Wednesday, October 24, 2007

More Steinbrenner Horse Crap and Why HR's Are Bad [Aaron DeRosa]

"I think the most important thing is whoever we hire, give 'em a chance because he's not getting the '96 Yankees. He's getting an even younger team or for the most part a team in transition. Give him a little while,'' Hank Steinbrenner said, "We want to win the World Series every year. We're not stupid enough to think we can do it. Of course, we'd love to win the World Series next year.''

While I buy the sentiment that New York is a bit impatient, let's call it like it is. The 2007 Yankees are, on paper, a better team than the 1996 Yankees. Just a look at the basic numbers:
  • 1996 Team Stats: .288 / 162HR / 830RBIs / 871 Runs
  • 2007 Team Stats: .290 / 201HR / 929RBIs / 968 Runs
So, a more potent offense. But surely the pitching isn't as good:
  • 1996 Team Stats: 4.65 ERA
  • 2007 Team Stats: 4.50 ERA
Younger? Actually, the average age of the 1996 Yankees was 29.7 or so, while the 2007 Yankees was about 31.

Perhaps it's because there is more talent in the league nowadays that the Yankees can't compete? It's gotta be that there's just so many homerun hitters and so much strong pitching, they're just out-matched. Wrong again.
  • 1996 Ranks: 2nd (BA) / 12th (HRs) / 9th (Runs) / 5th (ERA)
  • 2007 Ranks: 1st (BA) / 1st (HRs) / 1st (Runs) / 7th (ERA)
It's not even a matter of small-ball or money-ball tactics. Both teams had comparable OBP% and similar stolen base and sacrifice hit #s.

Maybe it is the management. Maybe it's player attitude. There's no "right answer." I think, however, one telling statistic is this: In 1996, Yankees batters were issued 56 intentional walks and only 32 in 2007. If you think that you only offer an IBB if there are runners on base with threatening hitters coming up, this suggests that the 07-Yanks simply aren't loading the bases up for their heavier hitters. This neutralizes the threat of the homerun (you only lose one run if there's no one on base) and emboldens pitchers to attack those hitters.

We might take this a step further and say that the more homerun hitters on your team, the more you weaken your offense. If we agree that in the NL, a pitcher is effectively an out every 3 rd inning, or a "rally-killer" (even a pinch hitter doesn't produce like a regular hitter), I think it's safe to assume that there are greater routs in the AL than in the NL. I'm not sure how one would test this theory, but that just seems logical. There is no interruption to the flow of a rally because you've constantly got full-time hitters at the plate.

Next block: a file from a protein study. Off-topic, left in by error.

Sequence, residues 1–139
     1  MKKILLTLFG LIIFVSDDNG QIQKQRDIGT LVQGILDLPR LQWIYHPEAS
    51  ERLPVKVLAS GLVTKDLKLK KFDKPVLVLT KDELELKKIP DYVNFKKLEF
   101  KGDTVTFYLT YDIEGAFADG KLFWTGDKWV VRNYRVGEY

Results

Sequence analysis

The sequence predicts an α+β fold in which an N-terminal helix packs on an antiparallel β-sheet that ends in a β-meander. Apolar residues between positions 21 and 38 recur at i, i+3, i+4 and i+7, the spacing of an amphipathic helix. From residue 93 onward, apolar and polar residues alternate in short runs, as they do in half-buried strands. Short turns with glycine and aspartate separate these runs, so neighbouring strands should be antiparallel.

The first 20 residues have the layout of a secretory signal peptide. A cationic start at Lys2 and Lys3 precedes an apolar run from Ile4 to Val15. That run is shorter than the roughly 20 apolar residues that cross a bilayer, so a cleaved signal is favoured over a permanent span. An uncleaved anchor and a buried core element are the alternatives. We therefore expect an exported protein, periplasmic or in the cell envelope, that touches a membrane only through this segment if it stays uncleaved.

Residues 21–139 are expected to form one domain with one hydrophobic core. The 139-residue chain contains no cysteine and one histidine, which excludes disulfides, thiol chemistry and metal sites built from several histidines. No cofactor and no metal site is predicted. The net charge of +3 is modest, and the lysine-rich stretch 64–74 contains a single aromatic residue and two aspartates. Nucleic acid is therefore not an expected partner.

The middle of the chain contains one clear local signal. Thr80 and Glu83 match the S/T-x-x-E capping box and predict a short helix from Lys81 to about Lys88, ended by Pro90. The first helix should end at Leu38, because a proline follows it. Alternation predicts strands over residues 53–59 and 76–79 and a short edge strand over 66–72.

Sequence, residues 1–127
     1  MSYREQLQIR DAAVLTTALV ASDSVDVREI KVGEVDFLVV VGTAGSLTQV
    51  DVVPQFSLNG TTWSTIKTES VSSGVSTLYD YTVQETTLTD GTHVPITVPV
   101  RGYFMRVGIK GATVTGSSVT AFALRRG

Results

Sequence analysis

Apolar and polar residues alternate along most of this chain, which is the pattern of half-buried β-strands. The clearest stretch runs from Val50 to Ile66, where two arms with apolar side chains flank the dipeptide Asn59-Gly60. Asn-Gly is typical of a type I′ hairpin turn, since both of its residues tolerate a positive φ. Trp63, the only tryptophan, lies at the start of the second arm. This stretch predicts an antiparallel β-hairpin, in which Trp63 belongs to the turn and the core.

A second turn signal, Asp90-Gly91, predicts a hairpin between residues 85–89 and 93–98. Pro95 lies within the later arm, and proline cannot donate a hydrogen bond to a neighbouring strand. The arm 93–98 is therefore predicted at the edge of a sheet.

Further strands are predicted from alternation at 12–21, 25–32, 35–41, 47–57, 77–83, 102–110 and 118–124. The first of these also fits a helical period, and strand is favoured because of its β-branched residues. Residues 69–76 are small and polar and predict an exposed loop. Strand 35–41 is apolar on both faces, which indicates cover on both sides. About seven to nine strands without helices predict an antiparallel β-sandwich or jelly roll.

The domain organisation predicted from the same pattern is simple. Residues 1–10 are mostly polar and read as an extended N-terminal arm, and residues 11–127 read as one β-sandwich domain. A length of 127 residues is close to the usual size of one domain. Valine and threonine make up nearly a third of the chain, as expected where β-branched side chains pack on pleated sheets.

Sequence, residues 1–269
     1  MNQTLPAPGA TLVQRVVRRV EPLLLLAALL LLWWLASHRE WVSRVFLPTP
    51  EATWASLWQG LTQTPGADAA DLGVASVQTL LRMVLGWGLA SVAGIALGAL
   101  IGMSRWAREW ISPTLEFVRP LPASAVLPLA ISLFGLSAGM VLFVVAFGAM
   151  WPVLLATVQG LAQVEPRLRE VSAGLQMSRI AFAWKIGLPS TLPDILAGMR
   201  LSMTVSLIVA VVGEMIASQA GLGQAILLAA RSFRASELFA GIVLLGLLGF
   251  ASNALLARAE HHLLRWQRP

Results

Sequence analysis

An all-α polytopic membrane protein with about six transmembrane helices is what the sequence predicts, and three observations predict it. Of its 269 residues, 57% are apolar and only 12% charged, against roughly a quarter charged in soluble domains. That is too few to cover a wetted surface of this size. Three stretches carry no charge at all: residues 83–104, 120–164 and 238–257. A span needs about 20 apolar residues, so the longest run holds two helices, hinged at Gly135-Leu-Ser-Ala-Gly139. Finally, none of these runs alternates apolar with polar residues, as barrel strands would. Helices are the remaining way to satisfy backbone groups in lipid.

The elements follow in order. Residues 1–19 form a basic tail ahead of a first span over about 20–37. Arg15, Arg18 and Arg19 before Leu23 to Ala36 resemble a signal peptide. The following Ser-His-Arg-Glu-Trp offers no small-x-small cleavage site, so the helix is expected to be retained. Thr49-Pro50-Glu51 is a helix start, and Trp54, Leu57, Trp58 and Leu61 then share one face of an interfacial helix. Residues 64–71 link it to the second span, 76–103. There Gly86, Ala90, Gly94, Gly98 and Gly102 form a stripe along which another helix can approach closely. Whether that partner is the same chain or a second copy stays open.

Now apply this same logic to HRs. A homerun would actually seem to favor the pitcher rather than the hitter. For every HR that's hit, the bases are cleared. This affords a few things: the pitcher can wipe the slate clean and "start the inning over" in his mind, using his full wind-up, etc. Psychologically speaking, a pitcher can settle down from a 2-run homerun easier than 3 doubles in a row that plates two runs. On the hitter's side, not only are you facing a (potentially) calmer pitcher, but there's no longer pressure on the fielders who can play the field to your weaknesses rather than the runners on base (think of Ellsbury's steal of second base that brought Cabrera back to the bag in the 7 th, which allowed a hit and runners at the corners in Game 7). And psychologically I'd imagine it's more difficult for a hitter to hit when there's nobody on as opposed to having men on base.

Of course, my limited resources hinder me in the quest for this knowledge, but I think they're all fairly logical claims. So lay it on me.

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